In my old age (Master 1 🤪) I often think about training Jiu-jitsu much more often than actually training. Due to my reduced mat time, note: I'm not going to say why my mat time is reduced, as I'm currently unemployed, soooo.... 🙄, anyway, as I was saying: DUE TO MY REDUCED MAT TIME, I have started thinking a lot about my training and how best to use the time I am on the mats. Which has led me to want to try out different ways of training. Seriously, I've done 12 years of: 10 minute warm up including hip escapes, see 2 or 3 techniques, drill said techniques, if instructor is feeling fruity, do some positional spahhing, which if you're lucky will be related to the techniques shown, but not always...
and then free sparring for the remainder of the lesson (Porrada).
Obligatory self-deprecating disclaimer
I'm going to talk about a different kind of positional sparring in this post. I'm not advocating that this is a good way to train, I have only ever taught it once at a class. I'm writing this blog post so that maybe you will try it and let me know how it went, and also to crystalise and clarify my thoughts on it. Disclaimer done.
The training technique
What I'm currently calling position recovery positional sparring (working title), is quite simple, even if its a bit awkward to say. The person on bottom starts in what they consider their weakest guard position, or flipped where they feel their opponent has the most chance of passing. This is individual for each person. For myself it would definitely be when the passer has double pant grips and has stuffed my lower leg in between their legs. If they're a competent passer, they almost always pass me from that point on. We start in this, the 'worst' position, for the person leading the positional sparring round, and their goal is to return to their 'best' position. Again this is individual for each person, for me it's collar sleeve, it's where I feel most comfortable, and where I want to attack subs or sweeps from.
It's important that you work form your 'worst' position, back to you 'best' position, and you are very strict on yourself about this, and with resetting if you stray outside of these two positions. In my given scenario, if we start and they attempt a knee cut and I manage to bump them, scramble, but end up in deep half (I'm quite comfortable in deep half), I immediately stop the sparring, and reset in my 'worst' position. This was not a 'win' for me, I didn't make it back to my 'best' position.
That's it. What do you think? Let me know.
Sorry not the end of the post. I have a few more things to say. First a small note on my example. I used the person leading the positional sparring playing guard. You could easily do this type of sparring with passing. For example. If someone has a strong collar grip and one of my sleeves, I find it hard to get to my 'best' passing position, lets say HQ, so there we have my 'worst' and 'best' positions for POSITION RECOVERY POSITIONAL SPARRING!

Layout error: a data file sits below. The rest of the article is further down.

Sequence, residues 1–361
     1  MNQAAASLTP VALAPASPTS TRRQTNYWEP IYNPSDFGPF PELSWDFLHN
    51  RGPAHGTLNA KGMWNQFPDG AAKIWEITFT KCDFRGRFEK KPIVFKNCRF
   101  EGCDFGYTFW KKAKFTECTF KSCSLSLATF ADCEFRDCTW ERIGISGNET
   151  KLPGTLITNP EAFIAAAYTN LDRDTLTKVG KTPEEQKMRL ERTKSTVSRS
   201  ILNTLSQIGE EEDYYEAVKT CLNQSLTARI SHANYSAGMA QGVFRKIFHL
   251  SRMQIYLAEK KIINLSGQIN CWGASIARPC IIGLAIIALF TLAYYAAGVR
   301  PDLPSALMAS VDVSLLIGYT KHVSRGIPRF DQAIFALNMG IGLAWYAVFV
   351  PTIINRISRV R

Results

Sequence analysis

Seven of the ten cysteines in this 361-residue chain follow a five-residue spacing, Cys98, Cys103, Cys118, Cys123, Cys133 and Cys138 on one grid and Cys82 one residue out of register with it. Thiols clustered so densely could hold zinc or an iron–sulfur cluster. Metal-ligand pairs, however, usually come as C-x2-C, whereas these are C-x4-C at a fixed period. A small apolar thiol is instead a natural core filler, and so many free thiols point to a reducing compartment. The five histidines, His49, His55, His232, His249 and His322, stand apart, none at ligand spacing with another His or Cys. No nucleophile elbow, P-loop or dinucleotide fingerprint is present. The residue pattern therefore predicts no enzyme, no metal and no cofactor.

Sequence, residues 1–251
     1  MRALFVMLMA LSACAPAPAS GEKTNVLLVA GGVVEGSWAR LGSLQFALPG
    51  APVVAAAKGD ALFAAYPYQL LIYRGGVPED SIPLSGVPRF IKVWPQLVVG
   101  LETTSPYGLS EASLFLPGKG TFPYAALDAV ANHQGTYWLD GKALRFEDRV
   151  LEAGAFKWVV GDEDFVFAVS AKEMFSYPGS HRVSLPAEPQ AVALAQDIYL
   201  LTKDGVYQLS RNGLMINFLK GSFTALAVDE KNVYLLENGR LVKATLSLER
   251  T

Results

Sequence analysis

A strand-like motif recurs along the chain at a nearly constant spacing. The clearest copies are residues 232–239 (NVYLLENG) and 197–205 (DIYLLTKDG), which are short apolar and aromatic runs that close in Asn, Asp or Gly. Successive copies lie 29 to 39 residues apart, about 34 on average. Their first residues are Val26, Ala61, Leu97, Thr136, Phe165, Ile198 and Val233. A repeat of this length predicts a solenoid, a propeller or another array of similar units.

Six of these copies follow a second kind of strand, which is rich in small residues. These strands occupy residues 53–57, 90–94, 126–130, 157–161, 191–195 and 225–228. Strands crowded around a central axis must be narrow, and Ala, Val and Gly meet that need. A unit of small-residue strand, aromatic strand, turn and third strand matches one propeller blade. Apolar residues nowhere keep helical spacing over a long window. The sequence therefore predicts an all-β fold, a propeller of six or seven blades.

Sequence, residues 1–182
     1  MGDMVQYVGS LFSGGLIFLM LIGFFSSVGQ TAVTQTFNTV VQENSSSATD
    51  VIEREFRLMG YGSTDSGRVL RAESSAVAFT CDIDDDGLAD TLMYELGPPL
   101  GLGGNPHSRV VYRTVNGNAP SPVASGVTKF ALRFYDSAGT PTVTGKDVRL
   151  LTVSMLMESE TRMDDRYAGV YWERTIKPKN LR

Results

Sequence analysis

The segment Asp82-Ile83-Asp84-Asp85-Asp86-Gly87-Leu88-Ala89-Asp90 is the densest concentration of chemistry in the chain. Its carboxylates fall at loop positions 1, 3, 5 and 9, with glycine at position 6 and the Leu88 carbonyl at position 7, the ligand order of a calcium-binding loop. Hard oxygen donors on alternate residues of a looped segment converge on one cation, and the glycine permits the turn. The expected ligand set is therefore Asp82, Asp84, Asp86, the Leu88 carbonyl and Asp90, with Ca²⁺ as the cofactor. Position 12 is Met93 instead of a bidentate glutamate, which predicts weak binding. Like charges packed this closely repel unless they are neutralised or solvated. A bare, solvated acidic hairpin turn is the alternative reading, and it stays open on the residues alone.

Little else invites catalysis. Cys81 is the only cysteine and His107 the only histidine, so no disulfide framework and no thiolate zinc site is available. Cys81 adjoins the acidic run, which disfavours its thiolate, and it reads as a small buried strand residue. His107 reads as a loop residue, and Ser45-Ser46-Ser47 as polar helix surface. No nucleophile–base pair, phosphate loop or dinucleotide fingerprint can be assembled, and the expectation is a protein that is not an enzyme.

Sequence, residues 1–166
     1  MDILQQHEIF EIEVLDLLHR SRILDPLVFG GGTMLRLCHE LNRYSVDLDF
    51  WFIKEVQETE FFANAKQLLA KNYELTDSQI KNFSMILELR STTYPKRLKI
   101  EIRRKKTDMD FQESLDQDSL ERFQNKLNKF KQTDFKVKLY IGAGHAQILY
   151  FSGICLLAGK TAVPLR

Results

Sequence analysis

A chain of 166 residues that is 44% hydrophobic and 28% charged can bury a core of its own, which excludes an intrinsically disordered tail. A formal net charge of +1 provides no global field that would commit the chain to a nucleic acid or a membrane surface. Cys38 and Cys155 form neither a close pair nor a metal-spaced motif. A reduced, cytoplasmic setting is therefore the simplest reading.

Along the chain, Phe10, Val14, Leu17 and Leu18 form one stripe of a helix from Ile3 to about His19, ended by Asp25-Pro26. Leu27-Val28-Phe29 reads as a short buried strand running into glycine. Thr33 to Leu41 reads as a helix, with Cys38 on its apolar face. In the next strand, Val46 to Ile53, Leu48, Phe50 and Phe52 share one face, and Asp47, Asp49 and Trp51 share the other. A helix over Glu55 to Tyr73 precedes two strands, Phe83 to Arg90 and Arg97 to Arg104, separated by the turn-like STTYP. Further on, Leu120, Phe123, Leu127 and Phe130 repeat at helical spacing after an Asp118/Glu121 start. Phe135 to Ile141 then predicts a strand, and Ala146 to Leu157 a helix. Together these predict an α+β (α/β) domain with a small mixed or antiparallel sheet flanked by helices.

The theory, or idea behind this kind of training comes from common view that jiu-jitsu is about imposing your game on your opponent. This type of training specifically and directly addresses that idea, cutting out all the noise of normal sparring. Can I move from my least favoured position, into my most favoured position at will? If so I'll probably have a good chance of doing it in competition if I ever needed to.
This is how I would teach (did teach, will in future teach*) this kind of sparring. Obviously it requires a little bit of intelligence from the students, because every single person will be doing something totally different. However that's no different to open sparring, so almost all of your students on the mat will be capable of it.
I start by introducing the idea of the 'best' position. I actually took this from my strong and powerful, savage of a friend, Alex Matschl, he calls it the 80% position. He explains it as the position where you're 80% confident that if you get there, you'll get the sweep or submission. You start in this position and attempt to sweep or submit (or pass) while the opponent defends. It's all at 100% effort (confusingly). So I'll drill that with both partners getting the chance to lead (play their 80% position).
Then I introduce the position recovery positional sparring, and ask them to start in their 'worst' position and work to their 'best' position. I also say, if you can't think of your 'worst' position for whatever reason, you can ask the other person to put you in their 'best' position (e.g. best passing position). This can also make sense if you're opponent is terrible at your 'worst' position, i.e. if I have an opponent who only passes using leg weave and doesn't really know how to pass from knee cut, maybe it'll be more useful for this round, to define my 'worst' position as leg weave. It takes intelligence and initiative from the students, which I think is great, give them some control over their training.
*this will probably change in future the more I do it.